Bayeux Tapestry

The Bayeux Tapestry: Prince Harold hunting. 11th century AD The Bayeux Tapestry: Prince Harold hunting. 11th century AD By special permission of the City of Bayeux.

The Bayeux Tapestry is a commemorative embroidery that depicts the events leading up to the Norman conquest of England in 1066 by William the Conqueror (1028-1087). The tapestry is now exhibited at the Musée de la Tapisserie de Bayeux, France. The earliest known written reference is in a 1476 inventory of Bayeux Cathedral, France.

There are numerous theories as to the tapestry’s origin. According to traditional French accounts, the tapestry was commissioned and created by Queen Matilda, William the Conqueror’s wife, and by her ladies-in-waiting. However, various twentieth century scholars believe the tapestry was probably commissioned by Bishop Odo, William’s half-brother, and made in England in the 1070's.

The tapestry is about 68 m long and 0.5 m wide, but it is believed that originally it was longer and that at some point the end panel was removed. The Bayeux Tapestry is made of a linen (tabby weave) ground material, decorated with crewel work. It has embroidered lettering and scenes using worsted yarns in terracotta, blue-green, dull gold, olive green and blue, with small amounts of black, dark blue and sage green. Later repairs were carried out in light greens, orange and yellow. The stitches used are outline stitch and stem stitch for the lettering and outlines of figures, plus couching and laid work for filling in the figures. Split and chain stitches were also used. Laid threads are couched in place with yarns of the same or a contrasting colour. After each panel was embroidered the individual panels were sewn together and the seams disguised with embroidery.

At the beginning of the twenty-first century there remain nine linen panels, each between 3 and 14 m in length. The overall design is based on a broad central field with narrow, decorative borders at the top and bottom. The tapestry consists of about fifty scenes with Latin captions (titulus/tituli), emphasising two main figures, William, Duke of Normandy, and Harold, Earl of Wessex, later King of England, while depicting events leading up to the Conquest and ending with the Battle of Hastings. The scenes include oaths of loyalty, preparation of the Norman fleet, horses, battle scenes, and the death of Harold. The main events are generally separated by highly stylised trees. The tapestry’s central field contains most of the action, but it sometimes overflows into the borders. In general the borders are decorative and consist of birds, beasts, fish, scenes from fables, agriculture and hunting. There is also a depiction of Halley’s Comet (scene 32), which is its first known representation.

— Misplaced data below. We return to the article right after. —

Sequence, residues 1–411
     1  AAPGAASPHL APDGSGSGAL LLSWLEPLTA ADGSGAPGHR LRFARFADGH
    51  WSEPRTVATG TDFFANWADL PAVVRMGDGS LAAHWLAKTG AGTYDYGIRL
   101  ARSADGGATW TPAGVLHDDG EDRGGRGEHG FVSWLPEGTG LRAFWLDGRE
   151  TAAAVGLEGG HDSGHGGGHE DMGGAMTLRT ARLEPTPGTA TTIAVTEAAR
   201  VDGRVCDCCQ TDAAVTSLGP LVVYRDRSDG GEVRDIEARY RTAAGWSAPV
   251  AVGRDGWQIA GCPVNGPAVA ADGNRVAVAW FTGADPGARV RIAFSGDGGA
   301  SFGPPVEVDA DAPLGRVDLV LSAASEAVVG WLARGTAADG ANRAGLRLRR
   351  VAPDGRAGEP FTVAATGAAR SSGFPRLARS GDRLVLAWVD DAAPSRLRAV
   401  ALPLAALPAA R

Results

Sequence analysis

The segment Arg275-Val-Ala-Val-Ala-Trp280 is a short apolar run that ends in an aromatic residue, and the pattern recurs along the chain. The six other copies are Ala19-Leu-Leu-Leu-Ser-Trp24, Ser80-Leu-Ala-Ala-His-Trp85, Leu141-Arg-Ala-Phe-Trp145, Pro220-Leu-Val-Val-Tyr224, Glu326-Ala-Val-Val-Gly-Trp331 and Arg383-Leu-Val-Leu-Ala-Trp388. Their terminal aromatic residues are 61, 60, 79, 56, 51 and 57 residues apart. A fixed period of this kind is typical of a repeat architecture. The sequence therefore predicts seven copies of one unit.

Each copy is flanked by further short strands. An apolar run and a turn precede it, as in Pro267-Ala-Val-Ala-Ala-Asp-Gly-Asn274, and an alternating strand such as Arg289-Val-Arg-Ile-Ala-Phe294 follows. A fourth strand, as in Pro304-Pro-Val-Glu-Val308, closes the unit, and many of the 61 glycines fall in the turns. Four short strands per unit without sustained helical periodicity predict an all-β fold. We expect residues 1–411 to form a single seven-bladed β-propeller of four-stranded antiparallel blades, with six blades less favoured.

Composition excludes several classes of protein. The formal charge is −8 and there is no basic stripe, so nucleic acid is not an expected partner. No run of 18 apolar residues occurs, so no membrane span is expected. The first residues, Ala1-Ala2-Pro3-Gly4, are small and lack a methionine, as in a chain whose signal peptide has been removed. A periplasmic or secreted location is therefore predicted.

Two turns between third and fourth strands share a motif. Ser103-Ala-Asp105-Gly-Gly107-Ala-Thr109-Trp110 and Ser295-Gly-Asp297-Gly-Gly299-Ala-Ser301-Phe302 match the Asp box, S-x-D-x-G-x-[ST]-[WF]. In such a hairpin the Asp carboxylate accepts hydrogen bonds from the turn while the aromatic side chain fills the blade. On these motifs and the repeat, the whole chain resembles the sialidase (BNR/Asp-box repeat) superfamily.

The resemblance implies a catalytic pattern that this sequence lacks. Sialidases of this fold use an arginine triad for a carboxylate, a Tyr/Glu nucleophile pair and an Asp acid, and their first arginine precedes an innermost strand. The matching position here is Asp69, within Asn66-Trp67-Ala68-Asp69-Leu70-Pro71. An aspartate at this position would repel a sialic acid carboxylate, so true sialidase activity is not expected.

Later generations patched the hanging in various places. In c. 1724 a linen backing cloth was sewn on and in c. 1800 large ink numerals referring to each of the scenes were written on this backing. These numbers are still in use for reference purposes. The end of the tapestry is missing, and the final Latin caption: Et fuga verterunt Angli ('And the English left fleeing') is believed to have been added in about 1810 when anti-English sentiment was high due to the Napoleonic Wars.

A replica was made by the Leek Embroidery Society and instigated by Elizabeth Wardle. The replica was made by some 35 women within one year. It was first shown to the public in 1886, and is now housed in the Reading Museum.

Source: OWEN-CROCKER, Gale R. (2012). 'Bayeux Tapestry', in: Gale Owen-Crocker, Elizabeth Coatsworth and Maria Hayward (eds.). Encyclopedia of Medieval Dress and Textiles of the British Isles, c. 450-1450, Brill: Leiden, pp. 57-61.



Last modified on Tuesday, 14 March 2017 18:45